1) Put away your devices. Free yourself of any distractions ahead of time so you can truly be present with your child. If your mind is somewhere else, you won’t be able to make observations and be engaged with your child. If you notice your mind wondering away to your cell phone or the chores list, bring your attention back to your child, over and over.
2) Let go of your own agenda for how you two should be playing together, and instead start making observations on how the child is playing. Verbalize your observations, such as “oh…you are drawing a circle” or ask them questions about what they are doing. It makes them know you are paying attention to them.
3) Let the child guide the play session. Notice what they are drawn to, and play with them using those toys or activity. Stay with that activity until they are ready to change direction to something else.
4) Be in the same hight level with children as much as possible so you can have lots of eye contact and shared smiles with them.
5) Label. Label. Label. Label and describe objects and verbs, and ask the child questions so they can use their vocabulary. Don’t be scared to use big words.
6) Praise frequently. Aim for a 6:1 ratio of positive to negative comments. You can say simple statements such as, “I really love how you are drawing” or “nice throw!” or “I appreciate how hard you are working on this puzzle”. No, you will NOT spoil your child for praising them. You are building their self-esteem. Make sure when giving praise, you are being specific (e.g., instead of “saying good job”, say how you really appreciated the way they did a specific thing), timely (make the praise soon after the particular event), and sincere.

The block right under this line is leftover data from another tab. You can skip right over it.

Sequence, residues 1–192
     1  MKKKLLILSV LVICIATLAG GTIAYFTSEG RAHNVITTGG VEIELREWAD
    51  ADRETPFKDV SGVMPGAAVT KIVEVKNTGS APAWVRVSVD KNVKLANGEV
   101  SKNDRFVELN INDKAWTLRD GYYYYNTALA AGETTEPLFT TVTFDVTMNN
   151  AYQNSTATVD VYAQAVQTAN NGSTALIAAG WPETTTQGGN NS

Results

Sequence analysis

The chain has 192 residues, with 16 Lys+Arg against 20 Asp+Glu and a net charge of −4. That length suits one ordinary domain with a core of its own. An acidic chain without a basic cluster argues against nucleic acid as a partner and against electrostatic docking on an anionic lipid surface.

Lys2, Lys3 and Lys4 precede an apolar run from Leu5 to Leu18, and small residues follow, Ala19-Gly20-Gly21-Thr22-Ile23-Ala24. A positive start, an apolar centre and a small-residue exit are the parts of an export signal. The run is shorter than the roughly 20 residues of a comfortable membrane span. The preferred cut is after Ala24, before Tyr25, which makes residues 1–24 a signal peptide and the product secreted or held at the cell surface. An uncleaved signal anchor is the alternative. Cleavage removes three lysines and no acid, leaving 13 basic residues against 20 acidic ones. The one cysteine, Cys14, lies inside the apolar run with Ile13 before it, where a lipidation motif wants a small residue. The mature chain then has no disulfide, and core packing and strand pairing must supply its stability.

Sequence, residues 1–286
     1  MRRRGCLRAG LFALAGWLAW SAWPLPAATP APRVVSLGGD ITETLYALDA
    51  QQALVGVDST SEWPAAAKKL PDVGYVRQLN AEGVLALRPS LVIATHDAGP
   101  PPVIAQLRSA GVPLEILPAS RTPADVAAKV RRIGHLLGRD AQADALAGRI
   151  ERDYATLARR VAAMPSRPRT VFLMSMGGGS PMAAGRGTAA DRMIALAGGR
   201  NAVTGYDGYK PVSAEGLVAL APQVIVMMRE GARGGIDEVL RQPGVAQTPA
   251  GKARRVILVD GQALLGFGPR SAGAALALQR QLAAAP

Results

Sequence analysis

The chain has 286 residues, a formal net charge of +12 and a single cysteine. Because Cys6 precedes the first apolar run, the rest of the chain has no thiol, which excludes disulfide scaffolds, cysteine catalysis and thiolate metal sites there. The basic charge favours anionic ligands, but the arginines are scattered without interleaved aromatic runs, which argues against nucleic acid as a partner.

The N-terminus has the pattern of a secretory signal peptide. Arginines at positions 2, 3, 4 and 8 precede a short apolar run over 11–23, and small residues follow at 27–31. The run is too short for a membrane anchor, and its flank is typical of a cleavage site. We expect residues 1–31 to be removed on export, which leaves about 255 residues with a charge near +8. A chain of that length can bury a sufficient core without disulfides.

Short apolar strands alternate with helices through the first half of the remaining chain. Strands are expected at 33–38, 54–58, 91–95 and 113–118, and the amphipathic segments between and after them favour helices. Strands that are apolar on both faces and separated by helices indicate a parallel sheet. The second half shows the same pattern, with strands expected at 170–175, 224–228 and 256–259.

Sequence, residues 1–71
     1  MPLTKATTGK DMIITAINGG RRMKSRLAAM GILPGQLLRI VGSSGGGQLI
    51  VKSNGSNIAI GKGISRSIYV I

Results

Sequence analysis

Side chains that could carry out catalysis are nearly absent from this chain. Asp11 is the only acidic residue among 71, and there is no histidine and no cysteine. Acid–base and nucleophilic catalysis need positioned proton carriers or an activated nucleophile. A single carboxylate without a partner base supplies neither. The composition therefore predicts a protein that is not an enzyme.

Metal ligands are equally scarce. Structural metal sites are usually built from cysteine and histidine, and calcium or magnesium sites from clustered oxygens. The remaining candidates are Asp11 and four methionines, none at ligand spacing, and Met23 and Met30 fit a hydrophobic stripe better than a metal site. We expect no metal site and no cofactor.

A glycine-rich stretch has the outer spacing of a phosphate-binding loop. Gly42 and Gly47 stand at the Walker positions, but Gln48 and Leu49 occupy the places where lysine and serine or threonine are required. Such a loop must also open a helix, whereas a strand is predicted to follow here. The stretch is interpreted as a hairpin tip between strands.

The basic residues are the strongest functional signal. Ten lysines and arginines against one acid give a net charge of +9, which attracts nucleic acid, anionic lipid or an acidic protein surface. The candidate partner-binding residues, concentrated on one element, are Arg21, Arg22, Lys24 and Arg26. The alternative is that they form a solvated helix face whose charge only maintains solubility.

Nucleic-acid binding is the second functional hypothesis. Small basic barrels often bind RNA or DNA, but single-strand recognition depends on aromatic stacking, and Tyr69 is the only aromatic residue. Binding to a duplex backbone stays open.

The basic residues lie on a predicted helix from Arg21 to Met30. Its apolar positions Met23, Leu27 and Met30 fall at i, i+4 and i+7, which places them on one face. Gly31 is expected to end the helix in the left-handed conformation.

7) Play can take many shapes and forms. It can be pretend play with dolls and action figures, or with cooking utensils. It can be making arts and crafts, building a puzzle, reading a book, exploring the garden or your backyard, playing a sport, playing peek-a-boo, or singing and dancing. With older children and teens, it can be playing a board game, doing your nails or hair together, hiking, building something, or playing video games.
8) You want to spend at least 10 minutes a day playing one-on-one with each child you have. The amount of needed daily play involving a parent is actually much higher for children 5 and under.
Some adults find it very hard to engage in play with children, and they may need some extra guidance and support around that. That’s OK! A good child therapist or someone who specializes in play therapy can be very helpful in facilitating theses interactions until you have become more comfortable playing with your child.
Here are also some fantastic books that can help you get better at playing with children. I hope you enjoy them!
Play: How It Shapes the Brain, Opens the Imagination, and Invigorates the Soul
150+ Screen-Free Activities for Kids: The Very Best and Easiest Playtime Activities from FunAtHomeWithKids.com!
Balanced and Barefoot: How Unrestricted Outdoor Play Makes for Strong, Confident, and Capable Children
Parenting with Theraplay®: Understanding Attachment and How to Nurture a Closer Relationship with Your Child
Einstein Never Used Flashcards: How Our Children Really Learn-and Why They Need to Play More and Memorize Less
Hasti Raveau is a child and family psychologist and the founder and owner of Mala Child and Family Institute. Much of her work is focused on helping children improve their emotional well-being, supporting parents on their parenting journeys, and empowering families so they can repair, grow, and thrive.